In the US some fraction of science-minded folks have had to battle school districts that want to teach creationism. I find that’s an education issue though–evolution denial did not impact the cutting edge work in that field, unlike climate and stem cell barriers did.

    But I also don’t mean to imply this is uniquely a left/right battle. I’m a leftie scientist, and constantly find myself in battles of policy especially on agricultural issues largely with others on the left (GMOs). Same on vaccinations. One of the most heated things I personally witnessed was a CDC meeting in my city over the H1N1 vaccination strategies. Most of the anti-vaxxers I encountered were also very left. I wrote about that here: But these meetings were held around the country and the coverage I saw of them suggested the response was quite similar. There was also someone at the meeting doing some kind of social study on what occurred at the meeting. I don’t know if that work was published, but it might be informative. Check with the CDC maybe on that.

    • markgfh says:

      Thanks mem — this is very handy. I’ll indeed be looking at the way these issues tend to cut across normal left/right boundaries. The story from your link is fascinating — I may well follow up with you on this at some stage. Please do keep the ideas coming…!

      • mem from somerville says:

        Sure, contact me if you want. In addition–in my professional capacity, I was in a room at the NIH on a major consortium project where the researchers needed to use stem cells to really get the answers they wanted. But that discussion was shut down by the grant administrator. Not because he wanted to shut it down–I’m pretty sure he agreed with the science. But he was legally precluded from having that conversation he said.

        I watched science stopped by the Bush administration first-hand. It’s a sort of flashbulb moment for me, one I’ll never forget.

  3. alice says:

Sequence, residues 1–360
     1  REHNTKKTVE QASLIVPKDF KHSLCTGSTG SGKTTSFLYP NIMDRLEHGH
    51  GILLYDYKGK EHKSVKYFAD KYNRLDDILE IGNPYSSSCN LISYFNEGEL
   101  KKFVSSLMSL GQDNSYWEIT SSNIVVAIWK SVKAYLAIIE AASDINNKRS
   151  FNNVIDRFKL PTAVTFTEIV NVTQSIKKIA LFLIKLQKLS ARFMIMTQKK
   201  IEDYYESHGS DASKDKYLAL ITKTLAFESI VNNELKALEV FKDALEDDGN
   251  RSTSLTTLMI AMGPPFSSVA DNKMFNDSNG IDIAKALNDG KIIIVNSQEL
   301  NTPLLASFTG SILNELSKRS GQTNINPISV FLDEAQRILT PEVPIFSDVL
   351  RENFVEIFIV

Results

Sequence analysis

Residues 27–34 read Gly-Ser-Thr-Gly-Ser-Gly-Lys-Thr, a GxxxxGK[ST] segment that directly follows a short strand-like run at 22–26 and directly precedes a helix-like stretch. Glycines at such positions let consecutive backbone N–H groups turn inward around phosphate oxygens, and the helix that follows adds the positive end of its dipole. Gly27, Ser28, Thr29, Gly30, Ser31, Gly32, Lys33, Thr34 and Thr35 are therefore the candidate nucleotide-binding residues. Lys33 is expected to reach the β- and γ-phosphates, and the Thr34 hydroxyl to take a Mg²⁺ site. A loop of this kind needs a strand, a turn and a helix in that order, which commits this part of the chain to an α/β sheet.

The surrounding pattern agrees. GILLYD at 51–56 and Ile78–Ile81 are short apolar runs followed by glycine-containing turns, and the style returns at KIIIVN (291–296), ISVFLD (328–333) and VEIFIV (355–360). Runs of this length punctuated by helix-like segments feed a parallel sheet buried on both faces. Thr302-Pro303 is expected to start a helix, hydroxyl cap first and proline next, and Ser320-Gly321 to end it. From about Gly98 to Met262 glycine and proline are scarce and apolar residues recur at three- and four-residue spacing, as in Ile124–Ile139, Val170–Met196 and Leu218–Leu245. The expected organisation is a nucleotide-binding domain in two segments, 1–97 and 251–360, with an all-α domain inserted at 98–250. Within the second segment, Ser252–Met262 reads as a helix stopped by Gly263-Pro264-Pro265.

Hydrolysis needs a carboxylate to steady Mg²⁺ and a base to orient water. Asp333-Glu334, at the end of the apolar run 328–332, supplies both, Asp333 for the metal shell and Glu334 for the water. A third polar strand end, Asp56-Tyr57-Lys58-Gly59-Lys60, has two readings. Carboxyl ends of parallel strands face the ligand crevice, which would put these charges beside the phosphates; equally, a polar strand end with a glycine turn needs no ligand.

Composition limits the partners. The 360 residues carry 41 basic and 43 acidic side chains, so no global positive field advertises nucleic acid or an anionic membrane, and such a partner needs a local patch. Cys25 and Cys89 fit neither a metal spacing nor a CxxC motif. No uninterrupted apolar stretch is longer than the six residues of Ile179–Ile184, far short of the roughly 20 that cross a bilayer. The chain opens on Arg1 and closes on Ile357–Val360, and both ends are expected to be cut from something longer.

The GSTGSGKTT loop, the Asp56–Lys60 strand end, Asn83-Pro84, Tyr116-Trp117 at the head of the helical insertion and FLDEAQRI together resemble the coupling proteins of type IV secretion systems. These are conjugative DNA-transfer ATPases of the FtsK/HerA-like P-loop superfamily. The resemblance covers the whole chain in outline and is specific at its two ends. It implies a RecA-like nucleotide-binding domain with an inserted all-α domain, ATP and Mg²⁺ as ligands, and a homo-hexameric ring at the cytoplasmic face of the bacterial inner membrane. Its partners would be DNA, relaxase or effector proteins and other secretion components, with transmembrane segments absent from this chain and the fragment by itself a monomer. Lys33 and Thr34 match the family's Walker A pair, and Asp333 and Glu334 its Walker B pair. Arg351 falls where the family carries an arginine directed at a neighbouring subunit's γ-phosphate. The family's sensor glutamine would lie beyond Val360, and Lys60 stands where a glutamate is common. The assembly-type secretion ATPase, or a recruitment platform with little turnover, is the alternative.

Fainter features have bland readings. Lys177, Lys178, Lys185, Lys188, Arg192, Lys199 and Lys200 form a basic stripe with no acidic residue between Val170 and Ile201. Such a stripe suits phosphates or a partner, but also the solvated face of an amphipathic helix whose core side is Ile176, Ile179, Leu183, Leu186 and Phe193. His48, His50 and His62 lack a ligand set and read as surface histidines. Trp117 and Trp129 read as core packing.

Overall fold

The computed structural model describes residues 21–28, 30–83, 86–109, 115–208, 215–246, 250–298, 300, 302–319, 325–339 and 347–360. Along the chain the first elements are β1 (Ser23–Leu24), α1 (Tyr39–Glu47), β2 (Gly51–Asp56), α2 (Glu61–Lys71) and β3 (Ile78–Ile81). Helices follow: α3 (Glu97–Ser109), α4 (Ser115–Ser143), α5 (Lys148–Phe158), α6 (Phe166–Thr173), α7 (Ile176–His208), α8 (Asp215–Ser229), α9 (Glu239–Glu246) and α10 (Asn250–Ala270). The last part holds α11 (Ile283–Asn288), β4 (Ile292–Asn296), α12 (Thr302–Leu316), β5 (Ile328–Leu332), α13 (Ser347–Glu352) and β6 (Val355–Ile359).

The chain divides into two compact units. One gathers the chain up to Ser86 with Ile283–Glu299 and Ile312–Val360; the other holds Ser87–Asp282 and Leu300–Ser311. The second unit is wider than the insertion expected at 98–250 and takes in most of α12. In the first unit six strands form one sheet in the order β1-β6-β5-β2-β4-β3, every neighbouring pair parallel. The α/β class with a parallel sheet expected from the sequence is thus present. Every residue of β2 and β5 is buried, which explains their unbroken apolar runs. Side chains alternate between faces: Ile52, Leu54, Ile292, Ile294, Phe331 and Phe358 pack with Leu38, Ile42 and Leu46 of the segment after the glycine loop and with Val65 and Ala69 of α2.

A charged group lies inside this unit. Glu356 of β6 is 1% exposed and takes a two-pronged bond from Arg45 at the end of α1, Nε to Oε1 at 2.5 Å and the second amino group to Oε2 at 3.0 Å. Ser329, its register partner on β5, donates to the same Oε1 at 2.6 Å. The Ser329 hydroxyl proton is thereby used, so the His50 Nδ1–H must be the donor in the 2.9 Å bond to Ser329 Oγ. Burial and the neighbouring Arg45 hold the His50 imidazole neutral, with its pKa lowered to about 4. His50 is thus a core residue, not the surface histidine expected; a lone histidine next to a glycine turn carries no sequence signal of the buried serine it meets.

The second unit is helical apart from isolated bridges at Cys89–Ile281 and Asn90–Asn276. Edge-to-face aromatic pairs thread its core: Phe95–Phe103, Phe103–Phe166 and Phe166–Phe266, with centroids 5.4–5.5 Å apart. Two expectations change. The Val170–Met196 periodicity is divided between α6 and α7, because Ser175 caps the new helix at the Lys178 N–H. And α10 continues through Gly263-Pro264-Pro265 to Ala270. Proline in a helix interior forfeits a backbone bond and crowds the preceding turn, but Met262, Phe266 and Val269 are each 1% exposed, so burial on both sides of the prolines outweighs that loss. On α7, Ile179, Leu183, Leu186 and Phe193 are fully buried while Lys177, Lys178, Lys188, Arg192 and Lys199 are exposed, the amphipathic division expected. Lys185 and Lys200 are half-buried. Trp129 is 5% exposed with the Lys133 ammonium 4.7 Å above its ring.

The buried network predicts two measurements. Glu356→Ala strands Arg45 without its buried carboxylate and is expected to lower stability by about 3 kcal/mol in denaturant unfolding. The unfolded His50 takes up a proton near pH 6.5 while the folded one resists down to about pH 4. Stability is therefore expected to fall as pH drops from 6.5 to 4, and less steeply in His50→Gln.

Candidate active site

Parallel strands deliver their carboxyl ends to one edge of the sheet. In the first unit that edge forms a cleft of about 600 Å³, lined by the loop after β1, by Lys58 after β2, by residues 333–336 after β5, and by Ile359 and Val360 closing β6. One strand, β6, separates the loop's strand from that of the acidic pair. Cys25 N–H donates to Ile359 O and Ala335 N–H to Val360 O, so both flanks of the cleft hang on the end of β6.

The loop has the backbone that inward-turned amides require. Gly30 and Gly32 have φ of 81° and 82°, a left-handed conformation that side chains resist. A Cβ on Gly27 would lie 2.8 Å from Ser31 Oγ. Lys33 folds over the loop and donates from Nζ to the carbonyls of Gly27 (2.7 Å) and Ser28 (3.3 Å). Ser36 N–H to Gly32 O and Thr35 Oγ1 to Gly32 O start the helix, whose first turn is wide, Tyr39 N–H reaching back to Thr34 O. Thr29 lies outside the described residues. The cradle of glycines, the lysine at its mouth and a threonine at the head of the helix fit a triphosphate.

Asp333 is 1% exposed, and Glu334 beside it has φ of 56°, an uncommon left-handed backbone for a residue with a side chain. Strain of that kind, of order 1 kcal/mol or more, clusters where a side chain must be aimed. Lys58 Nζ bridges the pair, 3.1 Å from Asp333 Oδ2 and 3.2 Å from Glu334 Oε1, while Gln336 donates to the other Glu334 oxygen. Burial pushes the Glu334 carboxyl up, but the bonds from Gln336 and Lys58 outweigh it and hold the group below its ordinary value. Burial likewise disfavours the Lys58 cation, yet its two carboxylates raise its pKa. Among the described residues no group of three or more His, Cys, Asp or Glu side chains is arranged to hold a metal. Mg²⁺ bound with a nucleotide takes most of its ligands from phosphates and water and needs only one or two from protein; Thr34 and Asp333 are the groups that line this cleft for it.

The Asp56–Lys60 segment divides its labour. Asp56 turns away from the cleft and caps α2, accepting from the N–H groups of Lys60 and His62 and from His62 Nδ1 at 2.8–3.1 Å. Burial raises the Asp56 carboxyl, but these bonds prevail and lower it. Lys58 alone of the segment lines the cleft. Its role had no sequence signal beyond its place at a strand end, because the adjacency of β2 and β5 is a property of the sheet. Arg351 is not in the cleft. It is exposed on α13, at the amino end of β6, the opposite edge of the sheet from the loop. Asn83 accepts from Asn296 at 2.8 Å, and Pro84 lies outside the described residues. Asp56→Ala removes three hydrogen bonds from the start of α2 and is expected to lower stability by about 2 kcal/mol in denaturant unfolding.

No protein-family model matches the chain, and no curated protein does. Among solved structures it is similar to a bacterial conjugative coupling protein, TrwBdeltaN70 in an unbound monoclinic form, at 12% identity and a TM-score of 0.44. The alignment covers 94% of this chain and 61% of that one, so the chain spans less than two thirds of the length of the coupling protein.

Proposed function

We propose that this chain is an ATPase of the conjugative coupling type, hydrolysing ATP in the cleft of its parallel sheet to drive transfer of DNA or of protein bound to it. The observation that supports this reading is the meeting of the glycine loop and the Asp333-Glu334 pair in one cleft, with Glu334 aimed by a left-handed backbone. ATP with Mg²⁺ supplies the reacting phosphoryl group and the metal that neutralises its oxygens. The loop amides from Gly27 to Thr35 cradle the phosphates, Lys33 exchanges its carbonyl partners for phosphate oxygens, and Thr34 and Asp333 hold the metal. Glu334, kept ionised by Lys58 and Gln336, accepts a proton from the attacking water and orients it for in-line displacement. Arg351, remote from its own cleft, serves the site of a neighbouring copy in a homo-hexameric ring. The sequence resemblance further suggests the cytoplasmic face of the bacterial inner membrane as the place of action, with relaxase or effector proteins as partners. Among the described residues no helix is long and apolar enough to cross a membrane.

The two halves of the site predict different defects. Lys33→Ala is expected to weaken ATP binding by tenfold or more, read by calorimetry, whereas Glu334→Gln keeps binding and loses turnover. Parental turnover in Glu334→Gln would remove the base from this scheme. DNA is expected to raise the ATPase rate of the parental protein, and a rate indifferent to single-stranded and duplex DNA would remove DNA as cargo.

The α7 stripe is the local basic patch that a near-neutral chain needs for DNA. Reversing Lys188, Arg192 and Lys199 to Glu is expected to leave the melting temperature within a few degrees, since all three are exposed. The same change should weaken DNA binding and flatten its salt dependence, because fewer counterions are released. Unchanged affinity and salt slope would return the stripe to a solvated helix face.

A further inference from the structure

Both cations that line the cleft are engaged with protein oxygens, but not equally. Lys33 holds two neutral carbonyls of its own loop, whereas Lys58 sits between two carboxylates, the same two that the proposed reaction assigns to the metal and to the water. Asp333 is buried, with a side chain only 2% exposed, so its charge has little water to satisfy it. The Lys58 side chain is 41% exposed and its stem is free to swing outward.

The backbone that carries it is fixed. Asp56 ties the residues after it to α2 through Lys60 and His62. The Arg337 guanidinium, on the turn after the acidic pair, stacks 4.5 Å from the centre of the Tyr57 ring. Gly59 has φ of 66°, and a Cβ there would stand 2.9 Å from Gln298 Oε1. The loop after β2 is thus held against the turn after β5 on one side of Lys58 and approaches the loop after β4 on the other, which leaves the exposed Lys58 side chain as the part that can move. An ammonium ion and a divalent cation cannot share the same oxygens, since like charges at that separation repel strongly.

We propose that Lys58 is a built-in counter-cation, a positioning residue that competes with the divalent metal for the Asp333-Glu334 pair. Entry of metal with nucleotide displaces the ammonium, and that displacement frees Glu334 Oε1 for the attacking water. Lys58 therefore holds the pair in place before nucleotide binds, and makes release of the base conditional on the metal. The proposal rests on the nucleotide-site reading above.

Might be worth fishing out Laurie Penny’s review of the Social Network. I remember a good line in that about “a certain type of nerd entitlement”.

  4. Fascinating project, Mark, and there’s definitely a need for a good book in this area….

    But, at the risk of drawing down more fundamentalist wrath on my head… I’m not convinced by the premise advanced above.

    I think the gap between ‘science’ and ‘politics’ in the UK is much smaller than you suggest. Despite the Nutt case I’d argue we have a policy system which strongly values scientific expertise relative to other inputs, often expecting ‘scientific’ answers to questions that are really political ones.

    In fact I’d go so far as to suggest that the science-politics ‘gap’ is about as small as I’d be comfortable with it getting – anything smaller may not be compatible with democratic politics as we know it.

    One thing your web project could usefully do then is to try and collect meaningful evidence that there really is this wide gap and, if so, evidence that this is actually a bad thing. Most of what passes for debate about this topic at the moment is andecdotal and faith-based!

    • markgfh says:

      Thanks Kieron — had a feeling you might have some reservations! Would certainly be interested in any more detailed thoughts you have on this. Just to clarify, I’m absolutely not going to be suggesting in this book that every decision has to be founded on science and nothing else, or that other considerations (legal, ethical, political) can’t sometimes trump scientific ones. But when this happens, it needs to be more properly declared. I think too many pols like to claim an evidence base because it depoliticises their decisions, when they’re actually just quoting whatever evidence happens to support what they want to do anyway.

      I’m also going to be looking in some detail at the disincentives to evaluating new policy initiatives, the poor way in which data is collected and analysed during pilots, and the way in which the sort of scientific principles that work well in medicine (and are expected of it) might be applied in other areas of public policy (eg crime).

      The final key thing is that this is also a celebration of the new-found confidence of the geeks. I’m looking for ideas about how this can best be channelled for maximum good…

      • I think there is definitely something interesting to be done about why and when systematic approaches are taken to policy-making. Although there is some experimental social science, I would again urge caution around the idea that the methods of, say, evidence-based medicine can be directly and unproblematically extrapolated to public policy interventions. But there is a very interesting debate we can have about the conditions under which this might be possible.